Since the Brexit referendum, there has been an air of uncertainty around British private equity. Though there were other, case-specific reasons, it undoubtedly played a role in the decision of Lyceum Capital to pull fundraising for its fourth fund and switch to a deal-by-deal investment model, leading in turn to the departure of seven partners.
The firm’s previous fund, the 2013-vintage £330 million ($420.6 million; €370.6 million) Lyceum Capital III, counted names such as AlpInvest Partners, New York State Teachers’ Retirement System and University of California Regents Endowment Fund among its investors.
Few would have predicted when the decision was made in January that by the end of the year, Lyceum, or at least some of the people behind it, would be back in business with money to spend.
In October, a team led by former-Lyceum managing partner Jeremy Hand and partner Simon Hitchcock announced the formation of Horizon Capital, a firm targeting European technology and business services firms.
The firm will make investments of between £10 million and £50 million in high-growth opportunities in the UK and Northern Europe, with a particular focus on buy-and-build strategies. Just before it was unveiled the firm closed Horizon 2018, a seven-year, £200 million investment vehicle backed by Pantheon, Idinvest Partners, Lombard Odier, HQ Capital and EQ Asset Management.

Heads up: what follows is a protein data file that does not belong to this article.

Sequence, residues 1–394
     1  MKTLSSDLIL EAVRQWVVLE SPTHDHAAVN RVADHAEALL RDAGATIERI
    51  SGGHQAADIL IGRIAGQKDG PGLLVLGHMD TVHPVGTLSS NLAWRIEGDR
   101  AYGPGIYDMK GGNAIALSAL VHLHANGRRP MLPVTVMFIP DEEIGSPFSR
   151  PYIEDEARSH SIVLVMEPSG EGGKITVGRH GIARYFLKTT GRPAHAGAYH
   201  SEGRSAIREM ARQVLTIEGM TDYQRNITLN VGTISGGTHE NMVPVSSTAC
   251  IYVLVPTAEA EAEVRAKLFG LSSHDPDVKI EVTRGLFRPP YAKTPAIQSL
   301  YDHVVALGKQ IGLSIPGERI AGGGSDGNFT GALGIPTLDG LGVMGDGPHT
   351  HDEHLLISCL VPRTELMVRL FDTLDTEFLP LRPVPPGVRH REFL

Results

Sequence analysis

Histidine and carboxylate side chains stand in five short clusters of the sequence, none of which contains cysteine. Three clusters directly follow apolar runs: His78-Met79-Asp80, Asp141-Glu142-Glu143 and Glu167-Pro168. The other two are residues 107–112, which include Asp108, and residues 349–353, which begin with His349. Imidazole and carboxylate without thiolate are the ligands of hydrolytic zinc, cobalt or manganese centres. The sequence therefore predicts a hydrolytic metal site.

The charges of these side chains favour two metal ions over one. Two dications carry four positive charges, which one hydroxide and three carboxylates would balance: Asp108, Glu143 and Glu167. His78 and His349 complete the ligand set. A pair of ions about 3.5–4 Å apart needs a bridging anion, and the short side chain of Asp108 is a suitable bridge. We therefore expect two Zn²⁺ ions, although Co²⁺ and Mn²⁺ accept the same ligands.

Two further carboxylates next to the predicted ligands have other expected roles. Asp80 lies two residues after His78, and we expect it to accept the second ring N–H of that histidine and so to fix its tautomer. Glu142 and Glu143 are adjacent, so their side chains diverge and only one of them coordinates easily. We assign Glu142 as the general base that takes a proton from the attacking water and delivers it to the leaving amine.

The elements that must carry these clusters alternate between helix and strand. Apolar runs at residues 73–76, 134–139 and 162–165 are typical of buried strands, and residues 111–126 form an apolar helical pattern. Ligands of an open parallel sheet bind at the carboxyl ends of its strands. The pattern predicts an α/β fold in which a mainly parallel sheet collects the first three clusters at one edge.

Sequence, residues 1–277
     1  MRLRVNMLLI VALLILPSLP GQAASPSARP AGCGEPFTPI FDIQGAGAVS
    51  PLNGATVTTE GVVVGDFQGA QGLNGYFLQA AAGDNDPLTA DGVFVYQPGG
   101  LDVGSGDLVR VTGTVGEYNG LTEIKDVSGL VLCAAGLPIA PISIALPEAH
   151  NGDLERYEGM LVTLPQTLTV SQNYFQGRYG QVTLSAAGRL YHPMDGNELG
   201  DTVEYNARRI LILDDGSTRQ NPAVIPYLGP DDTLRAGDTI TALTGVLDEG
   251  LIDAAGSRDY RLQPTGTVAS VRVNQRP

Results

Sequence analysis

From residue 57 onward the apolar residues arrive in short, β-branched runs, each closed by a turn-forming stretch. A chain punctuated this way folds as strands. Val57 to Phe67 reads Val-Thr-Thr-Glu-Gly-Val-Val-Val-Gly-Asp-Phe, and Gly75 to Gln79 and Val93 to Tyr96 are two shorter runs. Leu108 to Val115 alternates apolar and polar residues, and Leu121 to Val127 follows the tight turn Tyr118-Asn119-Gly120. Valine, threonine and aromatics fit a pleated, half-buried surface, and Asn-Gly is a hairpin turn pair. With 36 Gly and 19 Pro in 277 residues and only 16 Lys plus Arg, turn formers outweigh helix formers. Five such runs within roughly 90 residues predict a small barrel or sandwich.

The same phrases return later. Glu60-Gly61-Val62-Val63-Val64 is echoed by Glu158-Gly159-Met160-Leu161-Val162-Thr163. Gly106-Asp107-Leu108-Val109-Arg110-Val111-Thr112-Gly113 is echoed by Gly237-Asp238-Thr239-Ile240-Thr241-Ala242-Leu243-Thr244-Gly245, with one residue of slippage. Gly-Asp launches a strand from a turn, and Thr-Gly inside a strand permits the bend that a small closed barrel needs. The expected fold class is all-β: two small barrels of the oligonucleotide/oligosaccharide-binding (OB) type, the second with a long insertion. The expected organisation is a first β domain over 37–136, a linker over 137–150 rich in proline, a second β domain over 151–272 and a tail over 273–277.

“Significant dry powder is available to continue to support the growth plans of all portfolio companies including further planned add-on acquisitions,” the firm noted in a statement.
The rebirth was particularly innovative. For a start, the new fund has a two-year investment period and five years for realisations, meaning quicker distributions for investors.
Second, Horizon’s backers participated in a tender offer on the 2013-vintage Lyceum Capital III, buying stakes from limited partners that wanted to exit and making a stapled primary commitment to Horizon 2018. Distributions from Fund III will be routed into Horizon 2018 and reinvested in portfolio companies as part of a secondaries process engineered by advisor Rede Partners.
The deal was a good example of how primary and secondaries private equity can combine to create solutions for even the most challenging situations.